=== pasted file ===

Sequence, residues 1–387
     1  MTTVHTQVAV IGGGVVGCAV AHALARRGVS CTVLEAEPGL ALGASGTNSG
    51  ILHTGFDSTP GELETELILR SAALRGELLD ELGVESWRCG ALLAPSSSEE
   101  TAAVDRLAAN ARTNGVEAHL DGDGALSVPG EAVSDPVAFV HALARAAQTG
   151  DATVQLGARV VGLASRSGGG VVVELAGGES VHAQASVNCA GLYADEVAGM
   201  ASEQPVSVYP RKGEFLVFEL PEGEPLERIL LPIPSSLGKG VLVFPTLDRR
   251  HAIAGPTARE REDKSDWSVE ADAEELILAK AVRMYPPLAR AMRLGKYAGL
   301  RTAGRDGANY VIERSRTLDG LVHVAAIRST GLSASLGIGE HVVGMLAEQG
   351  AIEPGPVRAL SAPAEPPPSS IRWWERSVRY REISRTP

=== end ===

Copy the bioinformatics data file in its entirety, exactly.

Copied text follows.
Sequence, residues 1–387
     1  MTTVHTQVAV IGGGVVGCAV AHALARRGVS CTVLEAEPGL ALGASGTNSG
    51  ILHTGFDSTP GELETELILR SAALRGELLD ELGVESWRCG ALLAPSSSEE
   101  TAAVDRLAAN ARTNGVEAHL DGDGALSVPG EAVSDPVAFV HALARAAQTG
   151  DATVQLGARV VGLASRSGGG VVVELAGGES VHAQASVNCA GLYADEVAGM
   201  ASEQPVSVYP RKGEFLVFEL PEGEPLERIL LPIPSSLGKG VLVFPTLDRR
   251  HAIAGPTARE REDKSDWSVE ADAEELILAK AVRMYPPLAR AMRLGKYAGL
   301  RTAGRDGANY VIERSRTLDG LVHVAAIRST GLSASLGIGE HVVGMLAEQG
   351  AIEPGPVRAL SAPAEPPPSS IRWWERSVRY REISRTP